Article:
The Death Penalty: Your money or their life?

Reply Sun 8 Mar, 2009 02:27 pm
It seems the death penalty is under review -- not for moral reasons, but for economic reasons. Here are a few excerpts from an article in today's paper:

(Full story: http://www.google.com/hostednews/ap/article/ALeqM5igctmlsODOAxUpGyz0aSU2eehOEQD96PFTKO0)

It's 10 times more expensive to kill them than to keep them alive," though most Americans believe the opposite, said Donald McCartin, a former California jurist known as "The Hanging Judge of Orange County" for sending nine men to death row

Death penalty trials are more expensive for several reasons: They often require extra lawyers; there are strict experience requirements for attorneys, leading to lengthy appellate waits while capable counsel is sought for the accused; security costs are higher, as well as costs for processing evidence " DNA testing, for example, is far more expensive than simple blood analyses.

After sentencing, prices continue to rise. It costs more to house death row inmates, who are held in segregated sections, in individual cells, with guards delivering everything from daily meals to toilet paper.

In California, home to the nation's biggest death row population at 667, it costs an extra $90,000 per inmate to imprison someone sentenced to death " an additional expense that totals more than $60 million annually, according to a 2008 study by the state's Commission on the Fair Administration of Justice.

In Kansas, Republican state Sen. Caroline McGinn is pushing a bill that would repeal the death penalty effective July 1. Kansas, which voted to suspend tax refunds, faces a budget deficit of nearly $200 million. McGinn urged fellow legislators "to think outside the box" for ways to save money. According to a state survey, capital cases were 70 percent more expensive than comparable non-death penalty cases.

In New Mexico, Gov. Bill Richardson recently said his longtime support of capital punishment was wavering " and belt-tightening was one the reasons. As the state tries to plug a $450 million budget shortfall with cuts to schools and environmental agencies, a bill to end executions has already passed the House as a cost-saving measure. The state supreme court has ruled that more money must be given for public defenders in death penalty cases, but legislators have yet to act.

In Maryland, a 2008 Urban Institute study said taxpayers forked out at least $37.2 million for each of five executions since the death penalty was re-enacted in 1978. The survey, which examined 162 capital cases, found that simply seeking the death penalty added $186 million to prosecution costs. Gov. Martin O'Malley, who disdains the death penalty on moral and financial grounds, is pushing a bill to repeal it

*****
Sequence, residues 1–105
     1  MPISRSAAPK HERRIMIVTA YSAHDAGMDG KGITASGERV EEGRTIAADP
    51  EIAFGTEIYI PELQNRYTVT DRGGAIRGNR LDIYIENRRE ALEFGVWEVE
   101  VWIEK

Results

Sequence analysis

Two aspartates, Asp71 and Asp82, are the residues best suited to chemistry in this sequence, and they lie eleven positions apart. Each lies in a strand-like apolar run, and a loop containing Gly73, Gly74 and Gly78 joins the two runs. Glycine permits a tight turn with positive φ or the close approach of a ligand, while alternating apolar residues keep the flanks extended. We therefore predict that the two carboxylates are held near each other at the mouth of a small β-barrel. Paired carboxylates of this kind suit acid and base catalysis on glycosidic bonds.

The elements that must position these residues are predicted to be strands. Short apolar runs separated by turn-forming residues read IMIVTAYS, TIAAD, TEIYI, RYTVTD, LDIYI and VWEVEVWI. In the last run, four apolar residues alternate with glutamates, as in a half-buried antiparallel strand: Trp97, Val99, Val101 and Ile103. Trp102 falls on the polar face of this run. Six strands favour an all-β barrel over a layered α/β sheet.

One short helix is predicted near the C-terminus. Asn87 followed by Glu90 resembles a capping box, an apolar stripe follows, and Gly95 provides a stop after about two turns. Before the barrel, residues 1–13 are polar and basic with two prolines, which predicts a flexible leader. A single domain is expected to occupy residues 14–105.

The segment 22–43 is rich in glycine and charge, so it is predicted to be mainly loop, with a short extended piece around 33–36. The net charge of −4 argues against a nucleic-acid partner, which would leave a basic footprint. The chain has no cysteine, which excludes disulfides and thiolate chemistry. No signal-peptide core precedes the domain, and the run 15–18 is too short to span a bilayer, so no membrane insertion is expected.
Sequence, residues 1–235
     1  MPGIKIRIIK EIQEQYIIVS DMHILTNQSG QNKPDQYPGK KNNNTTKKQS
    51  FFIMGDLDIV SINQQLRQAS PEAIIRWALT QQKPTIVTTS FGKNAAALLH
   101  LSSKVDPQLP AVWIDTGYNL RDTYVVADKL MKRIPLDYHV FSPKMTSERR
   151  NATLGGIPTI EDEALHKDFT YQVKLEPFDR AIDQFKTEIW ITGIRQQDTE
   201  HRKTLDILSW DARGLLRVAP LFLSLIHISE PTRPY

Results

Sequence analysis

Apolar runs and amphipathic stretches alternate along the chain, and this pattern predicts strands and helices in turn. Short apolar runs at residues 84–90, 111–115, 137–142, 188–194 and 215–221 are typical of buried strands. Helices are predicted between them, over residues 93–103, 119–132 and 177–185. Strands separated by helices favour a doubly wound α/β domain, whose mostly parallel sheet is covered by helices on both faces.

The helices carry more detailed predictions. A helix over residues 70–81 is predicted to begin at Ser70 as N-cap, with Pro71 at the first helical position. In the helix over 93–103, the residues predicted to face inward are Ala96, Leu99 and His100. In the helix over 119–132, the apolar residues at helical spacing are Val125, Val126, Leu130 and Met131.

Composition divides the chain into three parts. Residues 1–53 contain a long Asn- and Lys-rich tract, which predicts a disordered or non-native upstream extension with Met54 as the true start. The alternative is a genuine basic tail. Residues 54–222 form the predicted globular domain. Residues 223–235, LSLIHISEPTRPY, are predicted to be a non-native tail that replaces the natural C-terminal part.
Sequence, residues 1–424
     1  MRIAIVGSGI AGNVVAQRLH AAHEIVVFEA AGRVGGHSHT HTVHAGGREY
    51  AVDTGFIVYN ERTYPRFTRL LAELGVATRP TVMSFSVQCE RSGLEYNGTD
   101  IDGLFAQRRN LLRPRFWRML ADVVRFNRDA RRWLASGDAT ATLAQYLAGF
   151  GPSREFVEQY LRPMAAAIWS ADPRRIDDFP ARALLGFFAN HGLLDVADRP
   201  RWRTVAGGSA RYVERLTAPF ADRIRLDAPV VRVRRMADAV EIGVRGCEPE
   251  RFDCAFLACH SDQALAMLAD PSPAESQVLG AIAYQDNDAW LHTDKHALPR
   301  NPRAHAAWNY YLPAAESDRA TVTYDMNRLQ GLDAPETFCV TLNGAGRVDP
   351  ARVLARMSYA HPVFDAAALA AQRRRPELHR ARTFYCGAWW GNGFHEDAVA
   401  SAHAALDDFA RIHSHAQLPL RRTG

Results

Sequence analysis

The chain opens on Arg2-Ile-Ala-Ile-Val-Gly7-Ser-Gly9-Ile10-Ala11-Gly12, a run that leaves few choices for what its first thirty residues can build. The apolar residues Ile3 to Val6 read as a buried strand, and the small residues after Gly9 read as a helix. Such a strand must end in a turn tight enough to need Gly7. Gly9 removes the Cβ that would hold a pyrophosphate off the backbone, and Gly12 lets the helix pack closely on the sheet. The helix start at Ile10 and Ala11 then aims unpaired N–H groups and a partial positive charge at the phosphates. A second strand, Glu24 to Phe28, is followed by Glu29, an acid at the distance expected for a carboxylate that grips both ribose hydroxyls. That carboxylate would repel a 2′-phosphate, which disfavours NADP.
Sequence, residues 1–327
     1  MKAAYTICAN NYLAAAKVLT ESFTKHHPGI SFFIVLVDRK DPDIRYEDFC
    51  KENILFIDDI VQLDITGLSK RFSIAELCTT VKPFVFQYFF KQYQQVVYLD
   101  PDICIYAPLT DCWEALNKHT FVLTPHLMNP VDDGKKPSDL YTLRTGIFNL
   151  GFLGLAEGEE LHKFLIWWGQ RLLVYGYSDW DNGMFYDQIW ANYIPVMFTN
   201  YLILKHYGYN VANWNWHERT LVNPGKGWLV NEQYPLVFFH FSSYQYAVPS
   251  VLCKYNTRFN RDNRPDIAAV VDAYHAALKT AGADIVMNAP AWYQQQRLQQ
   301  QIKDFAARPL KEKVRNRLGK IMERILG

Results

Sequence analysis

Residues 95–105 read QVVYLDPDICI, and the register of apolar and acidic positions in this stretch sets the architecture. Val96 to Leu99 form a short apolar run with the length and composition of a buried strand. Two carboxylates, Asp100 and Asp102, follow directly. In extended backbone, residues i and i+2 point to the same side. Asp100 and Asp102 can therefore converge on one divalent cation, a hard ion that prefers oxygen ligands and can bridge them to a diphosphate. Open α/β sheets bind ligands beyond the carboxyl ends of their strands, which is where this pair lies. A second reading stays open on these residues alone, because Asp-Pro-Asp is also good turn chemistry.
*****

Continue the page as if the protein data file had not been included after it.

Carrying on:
I'll confess right off: I'm no fan of the death penalty so I'm especially interested in hearing from its advocates:

Would you be willing to abolish the death penalty, and commute current sentences to life in prison in order to avoid cuts in your state's spending in other areas?

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Finn dAbuzz
Reply Sun 8 Mar, 2009 02:53 pm
I'm not a fan of the death penalty for political reasons. I don't want the Stateto have the right to kill its citizens.

I've no problem with the death penalty as a just punishment for certain crimes, and so if I could get past the political reservation I would suggest that the proper approach is to address the reasons why it is so costly.

The appeal process that is satisfactory for someone sent to prison for life is satisfactory for someone sentenced to death.

I thinks it's distorted view that puts great store in the judgment of a society by the way it treats its criminals.

Perhaps when he solve all of the myriad problems that face law abiding citizens we should turn to the problems facing criminals.
Reply Sun 8 Mar, 2009 05:26 pm
@Finn dAbuzz,
Code:I would suggest that the proper approach is to address the reasons why it is so costly.

The appeal process that is satisfactory for someone sent to prison for life is satisfactory for someone sentenced to death.

Maybe what needs to happen is a higher standard for people being sent to prison for life since the difference seems to be on better forensics and competent attorneys. Everyone deserves that.

But that certainly won't help the immediate financial problems that states are having.

One social program that everyone agrees is good is public education. I've been watching my lousy school system get worse by the minute as they try to figure out how to pay for essentials.

If my state decided not to pursue any death penalty cases and to commute current sentences to life and then redirect that money towards education I'd be very happy.

But again, I'm not in favor of the death penalty.

My question isn't what should be done about the legal system, which is an interesting topic and worthy of its own thread but instead whether people who are in favor of the death penalty would be willing to abolish or suspend it and commute all current sentences to life in prison if the money would be redirected to other state programs like education.

Finn dAbuzz
Reply Tue 10 Mar, 2009 02:35 pm
I'll let proponents of the Death Penalty answer for themselves, but it strike me as something of a loaded choice you're offering:

Accept that the death penalty costs more than life imprisonment and reveal oneself as someone who believes killing certain criminals is more worthy of funding than education or another "state program."

I would be surprised if very many proponents of the death penalty based their support on the belief that it is cheaper to kill criminals than lock them up until they die, but perhaps we'll get an inkling from other responses you receive.
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